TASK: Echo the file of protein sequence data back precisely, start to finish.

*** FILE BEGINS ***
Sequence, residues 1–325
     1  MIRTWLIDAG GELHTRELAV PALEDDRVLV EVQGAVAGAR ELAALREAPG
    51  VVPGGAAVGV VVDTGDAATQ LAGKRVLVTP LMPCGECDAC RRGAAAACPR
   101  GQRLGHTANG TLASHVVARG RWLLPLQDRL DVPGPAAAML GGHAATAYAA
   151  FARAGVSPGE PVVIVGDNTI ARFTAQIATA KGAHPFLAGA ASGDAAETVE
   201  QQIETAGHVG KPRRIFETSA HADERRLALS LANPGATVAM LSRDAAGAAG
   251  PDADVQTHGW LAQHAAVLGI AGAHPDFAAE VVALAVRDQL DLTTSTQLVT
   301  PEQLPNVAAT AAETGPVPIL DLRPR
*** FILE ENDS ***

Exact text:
Sequence, residues 1–325
     1  MIRTWLIDAG GELHTRELAV PALEDDRVLV EVQGAVAGAR ELAALREAPG
    51  VVPGGAAVGV VVDTGDAATQ LAGKRVLVTP LMPCGECDAC RRGAAAACPR
   101  GQRLGHTANG TLASHVVARG RWLLPLQDRL DVPGPAAAML GGHAATAYAA
   151  FARAGVSPGE PVVIVGDNTI ARFTAQIATA KGAHPFLAGA ASGDAAETVE
   201  QQIETAGHVG KPRRIFETSA HADERRLALS LANPGATVAM LSRDAAGAAG
   251  PDADVQTHGW LAQHAAVLGI AGAHPDFAAE VVALAVRDQL DLTTSTQLVT
   301  PEQLPNVAAT AAETGPVPIL DLRPR